Even the best ghostwriter on the block knows that typos can make or break a relationship with a client. A growing dependency on grammar checkers and misspelling detectors forces even the best writer to screw up on occasion. However, the last time I made a $300 million mistake was…well, never. Yet high priced typos have occurred ever since the first printing press. From the Bible to NASA, typos wreak havoc like a lady on Weight Watchers in a chocolate shop.
The Good Book Goes Bad
It was 1631 and King Charles I requested 1,000 Bibles to be printed by an English printer. Upon delivery, readers noticed that the Seventh Commandment was ill conceived. The word “not” from “Thou shalt not commit adultery” was out of sight. Whether this was some Freudian slip on behalf of Robert Barker, the printer, we’ll never know. However, this typo meant that the “Wicked Bible” had to be destroyed and the “Holy Bible” reprinted. Not by Barker, though. He was fined 3,000 pounds and his permission to print Bibles was revoked.
NASA Go Boom!
In 1962 NASA attempted to construct the first interplanetary probe, Mariner 1. The probe would have allowed astronauts to get near our neighboring planet, Venus. Unfortunately, whoever was at the computerized program that day was not paying attention. The typist typed an extra hyphen, and Mariner 1 went “BOOM!” after blast-off. The cost of this typo? Oh, just a cool $80 mil.
Canadians and Their Telephone Poles
First up we have Rogers Communication in Toronto, the largest cable provider in Canada. In the other corner of the ring we have Bell Aliant, a telephone company from Atlantic Canada. The reason for the battle? Telephone pole ownership. A single misplaced comma in a contract between these two giants allowed for a termination of service. Bell Aliant was able to get out of their contract with Rogers Communication in a move that cost Rogers Communication 1 million Canadian dollars, the equivalent of $888,000 in US currency.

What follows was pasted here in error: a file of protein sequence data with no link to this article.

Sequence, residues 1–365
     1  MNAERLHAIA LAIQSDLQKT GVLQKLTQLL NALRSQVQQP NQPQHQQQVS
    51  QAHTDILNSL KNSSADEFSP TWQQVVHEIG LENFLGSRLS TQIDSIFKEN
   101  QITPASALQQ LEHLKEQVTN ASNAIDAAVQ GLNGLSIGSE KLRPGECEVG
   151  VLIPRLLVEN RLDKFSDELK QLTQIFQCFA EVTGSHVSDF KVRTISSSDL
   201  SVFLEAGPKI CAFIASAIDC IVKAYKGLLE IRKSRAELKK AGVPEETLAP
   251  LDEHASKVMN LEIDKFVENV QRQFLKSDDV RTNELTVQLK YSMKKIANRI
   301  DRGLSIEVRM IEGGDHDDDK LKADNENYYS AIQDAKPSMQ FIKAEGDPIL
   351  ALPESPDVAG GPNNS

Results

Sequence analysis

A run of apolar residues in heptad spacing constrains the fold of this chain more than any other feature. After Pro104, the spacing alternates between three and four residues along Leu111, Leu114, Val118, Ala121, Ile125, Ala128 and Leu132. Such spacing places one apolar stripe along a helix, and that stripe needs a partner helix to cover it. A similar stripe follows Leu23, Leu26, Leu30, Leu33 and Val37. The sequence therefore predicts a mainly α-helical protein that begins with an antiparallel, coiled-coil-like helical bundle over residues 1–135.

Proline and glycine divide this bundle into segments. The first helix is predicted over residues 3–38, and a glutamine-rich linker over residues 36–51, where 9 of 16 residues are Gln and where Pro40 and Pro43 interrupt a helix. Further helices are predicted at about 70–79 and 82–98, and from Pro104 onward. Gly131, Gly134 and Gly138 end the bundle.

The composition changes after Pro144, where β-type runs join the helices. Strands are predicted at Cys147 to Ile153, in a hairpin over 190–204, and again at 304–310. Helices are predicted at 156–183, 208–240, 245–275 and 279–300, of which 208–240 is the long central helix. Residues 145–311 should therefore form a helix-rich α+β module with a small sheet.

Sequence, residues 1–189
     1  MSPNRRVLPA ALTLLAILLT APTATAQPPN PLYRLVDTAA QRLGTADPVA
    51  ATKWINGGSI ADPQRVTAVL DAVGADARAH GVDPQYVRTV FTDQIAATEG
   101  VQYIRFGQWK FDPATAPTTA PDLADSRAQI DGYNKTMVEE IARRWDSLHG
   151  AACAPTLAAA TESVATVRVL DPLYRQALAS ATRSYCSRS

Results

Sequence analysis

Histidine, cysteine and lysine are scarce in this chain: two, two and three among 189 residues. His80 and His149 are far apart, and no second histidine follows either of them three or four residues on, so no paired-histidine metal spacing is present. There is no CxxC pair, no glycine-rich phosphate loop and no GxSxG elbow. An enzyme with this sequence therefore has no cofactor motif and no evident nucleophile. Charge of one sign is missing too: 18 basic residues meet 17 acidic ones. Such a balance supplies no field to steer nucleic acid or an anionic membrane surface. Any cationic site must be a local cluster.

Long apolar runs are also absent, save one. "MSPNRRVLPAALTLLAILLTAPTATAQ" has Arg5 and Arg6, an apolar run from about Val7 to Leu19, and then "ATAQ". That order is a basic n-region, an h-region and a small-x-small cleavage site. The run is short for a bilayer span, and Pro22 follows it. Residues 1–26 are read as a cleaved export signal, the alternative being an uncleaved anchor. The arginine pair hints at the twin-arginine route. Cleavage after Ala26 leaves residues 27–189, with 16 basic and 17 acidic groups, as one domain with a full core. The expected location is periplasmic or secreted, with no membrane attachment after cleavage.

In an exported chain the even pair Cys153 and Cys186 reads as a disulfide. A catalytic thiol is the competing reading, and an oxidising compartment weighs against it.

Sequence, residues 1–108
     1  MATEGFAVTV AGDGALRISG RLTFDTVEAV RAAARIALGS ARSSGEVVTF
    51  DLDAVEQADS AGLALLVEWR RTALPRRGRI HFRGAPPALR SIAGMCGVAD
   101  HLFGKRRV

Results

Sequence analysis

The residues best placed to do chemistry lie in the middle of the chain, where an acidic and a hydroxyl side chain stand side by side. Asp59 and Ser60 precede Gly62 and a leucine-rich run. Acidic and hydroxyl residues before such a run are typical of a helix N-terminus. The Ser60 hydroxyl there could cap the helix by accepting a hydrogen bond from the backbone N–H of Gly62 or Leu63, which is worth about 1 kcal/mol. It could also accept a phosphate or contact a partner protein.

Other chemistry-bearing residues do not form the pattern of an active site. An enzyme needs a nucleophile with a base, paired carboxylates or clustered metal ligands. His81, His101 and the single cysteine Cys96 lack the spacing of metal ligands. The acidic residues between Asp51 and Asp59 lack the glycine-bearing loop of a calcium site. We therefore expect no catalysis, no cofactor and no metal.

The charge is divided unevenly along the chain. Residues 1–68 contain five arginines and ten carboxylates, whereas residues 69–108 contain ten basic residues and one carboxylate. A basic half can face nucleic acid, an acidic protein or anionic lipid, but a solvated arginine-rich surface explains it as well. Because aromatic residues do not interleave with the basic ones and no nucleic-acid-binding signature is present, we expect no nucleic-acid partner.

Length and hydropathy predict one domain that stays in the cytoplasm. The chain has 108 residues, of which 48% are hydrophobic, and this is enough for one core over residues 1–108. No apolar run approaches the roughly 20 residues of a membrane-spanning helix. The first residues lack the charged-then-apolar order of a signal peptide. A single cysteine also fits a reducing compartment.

Macy’s Mailer Failure
In 2013 Macy’s shoppers in Texas got the deal of a lifetime—all thanks to a typo. In a sales mailer from Macy’s, a snazzy necklace with diamond accents in 14K gold and sterling silver was listed for $47. Great deal, huh? Well, this lollipop got even sweeter when it was discovered that the necklace was originally $1,500. Too late for Macy’s to renege on the deal as all of the necklaces were snapped up by smart shoppers. The cost of the necklace should have read $497. Whoever left out the 9 was most likely sent packing faster than those necklaces flew off the shelves.
Pasta with a Problem
You may not have heard of The Pasta Bible, and if you have, it’s probably for all the wrong reasons. In this collection of tips for boiling water and saucing noodles there is quite an unfortunate typo. Published in 2010 by Penguin Australia, this pasta tell-all took it too far. It states that for seasoning a dish of tagliatelle, you need to add “salt and freshly ground black people.” Really? The books at the printer, all 7,000 of them, were destroyed, which cost the company $20,000 in reprints.
The moral of the story is that typos have much more power than they should. Keep that in mind as you edit your work. You might not be scoring millions for finding typos, but you don’t want to let these menial marks leave your paycheck lacking in the least.
Miranda B is a freelance writer available on WriterAccess, a marketplace where clients and expert writers connect for assignments.